A game theoretical model featuring a manufacturer and two dealers is proposed to investigate the effects of downstream horizontal integration on network performance. It is shown that the decision to integrate depends on both horizontal and vertical externalities. The manufacturer and dealers are mutually better off when integration leads to an increase in consumer demand through higher prices and better investments in services and national advertising. However, downstream integration harms the manufacturer's profit when the integrated dealer sets the price and service decisions in such a way as to free-ride on the manufacturer's brand. Surprisingly, under certain conditions, both the manufacturer and the dealers prefer downstream competition to integration regardless of whether it increases or reduces retail prices. The scenario in which the manufacturer prefers horizontal integration and the dealers opt for competition is not sustainable at the equilibrium. Mechanisms to implement horizontally integrated strategies such as the use of RPM and dealer cut are discussed.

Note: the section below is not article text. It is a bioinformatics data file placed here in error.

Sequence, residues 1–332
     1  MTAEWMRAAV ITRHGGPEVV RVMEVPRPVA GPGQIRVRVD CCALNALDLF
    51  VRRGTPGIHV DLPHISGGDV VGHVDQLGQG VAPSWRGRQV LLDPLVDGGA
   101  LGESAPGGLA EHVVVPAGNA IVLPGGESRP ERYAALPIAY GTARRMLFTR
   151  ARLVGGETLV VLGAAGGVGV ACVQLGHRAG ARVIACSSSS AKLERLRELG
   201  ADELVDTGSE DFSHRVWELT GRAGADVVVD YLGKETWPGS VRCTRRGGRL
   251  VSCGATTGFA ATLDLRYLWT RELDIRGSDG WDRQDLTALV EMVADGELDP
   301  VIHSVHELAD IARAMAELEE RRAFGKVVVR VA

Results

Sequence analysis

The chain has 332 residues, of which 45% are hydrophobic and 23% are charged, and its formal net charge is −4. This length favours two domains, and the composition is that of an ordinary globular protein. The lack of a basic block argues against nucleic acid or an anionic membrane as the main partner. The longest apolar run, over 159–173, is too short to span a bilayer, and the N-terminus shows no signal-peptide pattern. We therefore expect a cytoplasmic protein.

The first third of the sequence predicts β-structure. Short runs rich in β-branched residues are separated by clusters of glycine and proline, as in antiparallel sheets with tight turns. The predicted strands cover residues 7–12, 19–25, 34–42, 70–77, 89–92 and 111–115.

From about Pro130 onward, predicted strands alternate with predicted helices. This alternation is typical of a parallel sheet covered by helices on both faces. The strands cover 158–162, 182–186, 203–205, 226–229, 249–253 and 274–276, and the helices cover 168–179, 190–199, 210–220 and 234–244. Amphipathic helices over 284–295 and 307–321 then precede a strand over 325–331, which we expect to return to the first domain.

Published January 2012 , 20 pages